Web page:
Back in runner’s paradise, I ended up passing around 50 runners during this last final 7 mile stretch. I was feeling great and every time I would leave an aid station after hydrating with Gatorade and water, I would feel so energized. What was in those drinks? The crowd support was scattered all over the parks making it really fun. Even though I had more to give, I didn’t want to really start pushing it until the very end. I was scared of my injury flaring up, which I alleviated with a Tylenol around the halfway point and general cramps. I decided to not take my last gel because I was scared it would give me stomach problems so I tried to get in my calories through Gatorade which worked. When the last mile came, I knew I had more in me to pick it up so I started to speed up a bit and once I saw the barricades leading into Hayward Field, I knew I had to give it my all during this final stretch.

Mile 19 7:59 Finally back on track, no more stomach issues.

Mile 20 8:02 Riding out the high, feeling pretty comfortable right now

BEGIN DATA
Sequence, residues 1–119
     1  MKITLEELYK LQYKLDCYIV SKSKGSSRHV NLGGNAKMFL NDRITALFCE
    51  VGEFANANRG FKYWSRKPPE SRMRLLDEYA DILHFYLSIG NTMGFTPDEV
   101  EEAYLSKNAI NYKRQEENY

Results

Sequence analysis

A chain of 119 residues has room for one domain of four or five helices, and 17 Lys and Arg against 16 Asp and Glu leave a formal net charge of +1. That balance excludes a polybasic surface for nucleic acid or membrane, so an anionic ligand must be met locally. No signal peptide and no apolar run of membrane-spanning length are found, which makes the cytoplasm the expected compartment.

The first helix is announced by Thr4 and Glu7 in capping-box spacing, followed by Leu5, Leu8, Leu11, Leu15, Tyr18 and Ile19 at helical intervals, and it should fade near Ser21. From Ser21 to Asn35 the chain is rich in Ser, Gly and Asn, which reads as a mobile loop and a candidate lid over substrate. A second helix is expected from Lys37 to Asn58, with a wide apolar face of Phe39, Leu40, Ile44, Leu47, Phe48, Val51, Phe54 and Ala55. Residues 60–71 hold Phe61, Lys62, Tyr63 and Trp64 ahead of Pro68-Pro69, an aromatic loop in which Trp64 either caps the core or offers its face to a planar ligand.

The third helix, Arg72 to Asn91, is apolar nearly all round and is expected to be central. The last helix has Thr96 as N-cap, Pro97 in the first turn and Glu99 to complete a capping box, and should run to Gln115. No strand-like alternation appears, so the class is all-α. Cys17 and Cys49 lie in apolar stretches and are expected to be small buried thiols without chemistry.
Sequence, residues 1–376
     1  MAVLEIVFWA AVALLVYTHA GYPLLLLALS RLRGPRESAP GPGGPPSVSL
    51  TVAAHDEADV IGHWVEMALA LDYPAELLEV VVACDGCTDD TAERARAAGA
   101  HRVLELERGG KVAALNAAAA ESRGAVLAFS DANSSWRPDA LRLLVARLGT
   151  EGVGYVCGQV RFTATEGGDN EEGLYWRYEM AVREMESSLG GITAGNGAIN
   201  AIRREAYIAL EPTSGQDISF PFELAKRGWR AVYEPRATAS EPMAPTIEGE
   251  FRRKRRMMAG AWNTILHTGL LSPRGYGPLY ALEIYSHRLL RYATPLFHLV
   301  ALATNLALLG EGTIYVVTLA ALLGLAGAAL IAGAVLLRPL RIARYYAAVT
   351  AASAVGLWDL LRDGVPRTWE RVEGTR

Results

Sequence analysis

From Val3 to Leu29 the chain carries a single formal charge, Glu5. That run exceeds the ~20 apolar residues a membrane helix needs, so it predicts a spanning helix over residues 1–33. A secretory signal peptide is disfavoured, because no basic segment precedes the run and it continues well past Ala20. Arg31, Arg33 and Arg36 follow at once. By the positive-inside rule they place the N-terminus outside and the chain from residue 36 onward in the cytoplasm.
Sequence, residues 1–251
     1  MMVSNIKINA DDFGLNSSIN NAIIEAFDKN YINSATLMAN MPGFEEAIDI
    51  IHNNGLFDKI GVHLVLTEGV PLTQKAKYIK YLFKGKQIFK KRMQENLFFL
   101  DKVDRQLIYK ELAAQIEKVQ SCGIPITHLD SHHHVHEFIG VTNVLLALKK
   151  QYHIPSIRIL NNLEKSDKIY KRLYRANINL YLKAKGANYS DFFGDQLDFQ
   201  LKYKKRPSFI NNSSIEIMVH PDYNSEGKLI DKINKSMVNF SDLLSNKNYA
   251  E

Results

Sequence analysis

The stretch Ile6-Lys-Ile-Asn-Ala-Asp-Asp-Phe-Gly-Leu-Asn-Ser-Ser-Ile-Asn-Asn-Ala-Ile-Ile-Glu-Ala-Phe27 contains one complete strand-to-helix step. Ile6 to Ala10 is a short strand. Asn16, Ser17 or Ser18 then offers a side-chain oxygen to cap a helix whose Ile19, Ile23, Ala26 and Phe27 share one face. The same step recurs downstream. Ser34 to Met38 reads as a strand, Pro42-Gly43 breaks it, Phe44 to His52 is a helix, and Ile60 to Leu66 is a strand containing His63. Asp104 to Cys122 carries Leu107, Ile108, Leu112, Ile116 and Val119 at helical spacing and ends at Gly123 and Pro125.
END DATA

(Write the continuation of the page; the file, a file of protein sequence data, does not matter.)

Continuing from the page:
Mile 21 7:52 Endurance kicking in!

Mile 22 7:55 4 more freaking miles to go I can do this

Mile 23 7:51 Hey passing a few people who I haven’t seen since the start of the race

Mile 24 7:51 Thank God I ate that pizza last night

Mile 25 7:47 Hammer time

Mile 26 7:32 I think I’m going to puke on Hayward Field

Mile 26.2 6:57 Final push!

Hitting the track with spectators in the stadium was so surreal. I thought about this moment for a long time how it would feel to finally run on this historic track. Somehow ending on a track gets me really excited. Not sure if it’s the familiarity of the being on the track or having so many people cheer you to the finish. I crossed in 3:29:52 and promptly collapsed in the medical volunteers arms. I ran a good race and am really proud of kicking it in the last 7 miles. I don’t think I have ever dropped my pace that much so late in the race and even though I thought I ran a lot faster than Santa Barbara, I was actually a couple seconds off my PR.